On April 4, 2023, Williams officially published his new book, “The Wounded World: W.E.B. Dubois and the First World War.” In an interview with The Hoot, Williams discussed the key points of his book and the process of undertaking this written project.
Chad Williams (HIST and AAAS) is an Associate Professor of History and African and African American Studies and the departmental chair of African and African American Studies at Brandeis University. Williams received his B.A. in History and African American Studies from the University of California Los Angeles and his M.A. and Ph.D in History from Princeton University. Williams began his teaching career at Hamilton College and then began teaching at Brandeis in 2012. Williams’ research predominantly focuses on African American and U.S. History, as well as the history of Black Americans in World War I.
The Hoot: Your book, “The Wounded World: W.E.B Dubois and the First World War” was released just a few weeks ago. Can you tell me a little bit about the book and your process of writing it?
Williams: The beginnings of this book began in graduate school when I was working on my dissertation on African American soldiers in World War I. I had just started doing research at [University of Massachusetts] Amherst where W.E.B Dubois’ papers are located. I had seen a reference to Dubois’ World War I materials and I did not know what it was, but it sounded interesting and I thought I would check it out. So, I went to the library and I asked the librarian if I could see these papers and the librarian came back with six microfilm reels. I was stunned as I started going through the microfilm to see that it was an unfinished and ultimately unpublished book by Dubois on the Black experience in World War I. The manuscript was over 800 pages long—a proposed 21 chapters. In addition to the manuscript, all of Dubois’ research materials in correspondence were in this collection, and no other historian had ever written about it. It was truly an amazing discovery and I was really obsessed with trying to tell the story of this massive project that would have been one of Dubois’ most significant works in history [and] ultimately why he never finished it. It said a lot about Dubois’ life, his work, the significance of World War I within his life and work and what World War I says about the broader struggles of democracy and freedom for Black people in the 20th century.
The Hoot: How was this researching and writing process different from the previous books you have written?
Williams: So my first book came out of my doctoral dissertation which was a broad history of the experiences of Black soldiers and veterans during and after World War I. This was in many ways a harder book to write than that because I was writing about Dubois, who is a very complicated figure. But, I was also writing about Dubois writing about a book, so in some ways this is not a traditional story. At the end of the day, it is also a story about failure—what it means to believe in your country, to hope your country will live up to your ideals but ultimately realizing that it does not. So logistically in terms of the research, but also conceptually, it was a very challenging book to write. Also thinking about making it accessible to a larger reading audience, it was something that I had to be very conscious of doing as well.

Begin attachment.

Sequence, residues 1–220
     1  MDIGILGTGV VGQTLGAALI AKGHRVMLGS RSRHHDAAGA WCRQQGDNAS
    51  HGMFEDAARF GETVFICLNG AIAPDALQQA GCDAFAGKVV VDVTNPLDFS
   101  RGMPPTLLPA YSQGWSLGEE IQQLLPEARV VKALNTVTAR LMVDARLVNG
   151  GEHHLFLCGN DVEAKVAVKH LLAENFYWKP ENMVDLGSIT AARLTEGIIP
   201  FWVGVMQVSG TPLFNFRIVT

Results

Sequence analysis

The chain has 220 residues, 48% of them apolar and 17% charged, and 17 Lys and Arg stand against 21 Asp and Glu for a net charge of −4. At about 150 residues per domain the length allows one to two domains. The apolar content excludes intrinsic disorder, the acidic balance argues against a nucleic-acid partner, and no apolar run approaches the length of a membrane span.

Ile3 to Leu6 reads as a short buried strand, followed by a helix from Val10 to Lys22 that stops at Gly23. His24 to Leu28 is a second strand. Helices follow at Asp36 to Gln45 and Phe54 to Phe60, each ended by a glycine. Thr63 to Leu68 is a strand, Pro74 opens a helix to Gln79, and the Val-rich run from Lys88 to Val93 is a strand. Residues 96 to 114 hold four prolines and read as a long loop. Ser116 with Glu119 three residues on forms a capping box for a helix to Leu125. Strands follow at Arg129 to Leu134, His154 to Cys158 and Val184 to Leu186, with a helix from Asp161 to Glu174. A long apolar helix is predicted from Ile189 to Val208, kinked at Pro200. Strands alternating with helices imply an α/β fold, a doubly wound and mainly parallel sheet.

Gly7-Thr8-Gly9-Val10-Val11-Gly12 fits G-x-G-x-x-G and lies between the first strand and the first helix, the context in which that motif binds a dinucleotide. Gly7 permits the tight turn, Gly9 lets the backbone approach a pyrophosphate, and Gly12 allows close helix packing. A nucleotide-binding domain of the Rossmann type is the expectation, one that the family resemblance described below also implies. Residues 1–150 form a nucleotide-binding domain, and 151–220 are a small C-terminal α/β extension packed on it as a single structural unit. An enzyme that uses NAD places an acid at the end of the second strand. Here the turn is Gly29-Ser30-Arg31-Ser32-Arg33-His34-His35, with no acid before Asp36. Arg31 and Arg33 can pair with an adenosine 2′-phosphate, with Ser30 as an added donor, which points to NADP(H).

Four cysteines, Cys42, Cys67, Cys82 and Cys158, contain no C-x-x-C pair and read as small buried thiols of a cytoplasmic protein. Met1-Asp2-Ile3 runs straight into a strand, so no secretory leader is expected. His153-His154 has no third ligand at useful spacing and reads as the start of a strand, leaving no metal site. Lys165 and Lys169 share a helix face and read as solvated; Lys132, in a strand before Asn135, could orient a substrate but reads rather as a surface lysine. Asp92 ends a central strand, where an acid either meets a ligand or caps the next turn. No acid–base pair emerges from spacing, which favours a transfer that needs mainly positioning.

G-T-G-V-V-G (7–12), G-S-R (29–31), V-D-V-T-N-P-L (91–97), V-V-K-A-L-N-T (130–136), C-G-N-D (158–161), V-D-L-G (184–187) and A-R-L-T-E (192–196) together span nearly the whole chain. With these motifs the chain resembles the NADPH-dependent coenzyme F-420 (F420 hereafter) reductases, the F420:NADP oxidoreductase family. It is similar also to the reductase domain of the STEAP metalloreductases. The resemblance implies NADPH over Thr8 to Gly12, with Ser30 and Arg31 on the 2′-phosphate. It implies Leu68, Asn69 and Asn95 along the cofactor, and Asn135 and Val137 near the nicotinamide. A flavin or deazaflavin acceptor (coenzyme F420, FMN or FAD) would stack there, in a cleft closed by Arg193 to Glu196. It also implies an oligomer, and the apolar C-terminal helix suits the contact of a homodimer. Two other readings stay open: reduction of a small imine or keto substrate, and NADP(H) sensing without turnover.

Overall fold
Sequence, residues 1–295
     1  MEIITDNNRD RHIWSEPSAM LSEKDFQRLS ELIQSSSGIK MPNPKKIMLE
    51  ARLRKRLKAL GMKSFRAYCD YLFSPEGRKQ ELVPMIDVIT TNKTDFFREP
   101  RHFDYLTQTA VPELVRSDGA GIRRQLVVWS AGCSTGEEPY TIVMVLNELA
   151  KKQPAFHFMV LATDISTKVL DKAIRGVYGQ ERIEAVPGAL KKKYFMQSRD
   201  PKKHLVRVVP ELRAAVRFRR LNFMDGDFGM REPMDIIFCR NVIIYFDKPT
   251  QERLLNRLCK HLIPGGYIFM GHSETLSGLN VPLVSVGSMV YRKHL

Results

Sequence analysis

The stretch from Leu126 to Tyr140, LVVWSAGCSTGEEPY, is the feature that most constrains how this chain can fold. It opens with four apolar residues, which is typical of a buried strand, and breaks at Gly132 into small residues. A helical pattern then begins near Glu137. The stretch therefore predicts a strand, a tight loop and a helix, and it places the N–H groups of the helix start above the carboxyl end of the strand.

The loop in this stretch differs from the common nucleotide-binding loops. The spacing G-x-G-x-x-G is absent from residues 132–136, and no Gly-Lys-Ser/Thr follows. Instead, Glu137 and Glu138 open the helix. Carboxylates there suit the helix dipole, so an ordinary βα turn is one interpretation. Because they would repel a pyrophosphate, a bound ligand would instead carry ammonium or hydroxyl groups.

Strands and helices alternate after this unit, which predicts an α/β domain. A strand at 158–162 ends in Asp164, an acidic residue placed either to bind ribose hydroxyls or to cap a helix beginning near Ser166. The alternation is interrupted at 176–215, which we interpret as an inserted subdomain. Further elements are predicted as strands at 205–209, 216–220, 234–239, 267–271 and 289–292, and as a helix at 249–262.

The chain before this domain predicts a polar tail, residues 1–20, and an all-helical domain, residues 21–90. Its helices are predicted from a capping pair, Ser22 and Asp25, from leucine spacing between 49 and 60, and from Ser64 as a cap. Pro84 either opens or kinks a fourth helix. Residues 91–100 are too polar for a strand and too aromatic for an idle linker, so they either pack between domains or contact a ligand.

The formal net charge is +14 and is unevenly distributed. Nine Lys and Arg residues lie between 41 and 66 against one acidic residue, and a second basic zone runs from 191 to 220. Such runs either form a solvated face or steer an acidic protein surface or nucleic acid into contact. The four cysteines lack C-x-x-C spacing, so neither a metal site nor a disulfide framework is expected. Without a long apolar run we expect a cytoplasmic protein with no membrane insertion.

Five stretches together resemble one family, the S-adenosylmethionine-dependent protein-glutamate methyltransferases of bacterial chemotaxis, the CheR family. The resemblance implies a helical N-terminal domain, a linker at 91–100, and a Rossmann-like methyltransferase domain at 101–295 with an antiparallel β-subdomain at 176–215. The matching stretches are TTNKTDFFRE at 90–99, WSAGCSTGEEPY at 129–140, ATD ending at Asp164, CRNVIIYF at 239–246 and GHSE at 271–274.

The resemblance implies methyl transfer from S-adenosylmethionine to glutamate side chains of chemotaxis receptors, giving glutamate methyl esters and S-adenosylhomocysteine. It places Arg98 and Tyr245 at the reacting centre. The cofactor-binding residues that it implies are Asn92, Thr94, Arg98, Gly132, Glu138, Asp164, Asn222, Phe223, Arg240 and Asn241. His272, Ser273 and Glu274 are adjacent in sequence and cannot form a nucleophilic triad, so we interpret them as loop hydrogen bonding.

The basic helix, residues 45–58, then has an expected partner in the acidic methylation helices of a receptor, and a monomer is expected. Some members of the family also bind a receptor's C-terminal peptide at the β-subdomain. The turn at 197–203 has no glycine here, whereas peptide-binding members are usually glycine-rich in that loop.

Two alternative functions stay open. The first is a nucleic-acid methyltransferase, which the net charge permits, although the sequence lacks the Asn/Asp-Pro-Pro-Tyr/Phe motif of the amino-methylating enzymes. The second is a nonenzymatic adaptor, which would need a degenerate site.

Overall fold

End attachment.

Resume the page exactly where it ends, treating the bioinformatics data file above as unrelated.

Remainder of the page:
The Hoot: In your book, do you mostly focus on Dubois’ struggle of not finishing his book, or do you try to retell his unpublished work?
Williams: My book is a pretty sweeping story of Dubois wrestling with the history, legacy, and challenges related to World War I. Dubois originally supported the war in 1918—he encouraged African Americans to [form] close ranks and forget their special grievances, support their country, put their country first and their rights second. That was a very controversial decision at the time and that is a decision that he ultimately came to regret—he wrestled with the weight of that decision for, really, most of his life. So in my book I really talk about Dubois’ struggle to make sense of the war and his own complicated place in it, and ultimately the failure of what Dubois’ inability to finish the book says about the larger failure of World War I—how the war was such a big and disillusioning subject for Dubois that he was unable to finish it.
The Hoot: What do you think Dubois’ book would have done for the Black community at that time, but also today?
Williams: That is something I always think about. I think if he had finished his book it would have been the definitive history of the Black experience in World War I. I think it really would have shaped our historical understandings of the significance of World War I for African Americans, but also for peoples of African descent throughout the African diaspora more broadly. It would have demonstrated how seriously Dubois took World War I as a historical moment, as a political moment, and his close and personal connection to it as well. I think his book would have really demonstrated to scholars during his time and today just how deeply World War I impacted him on a personal and intellectual level. So it would have stood as one the most significant works of history standing alongside his classic book, “Black Reconstruction,” which was published in 1935.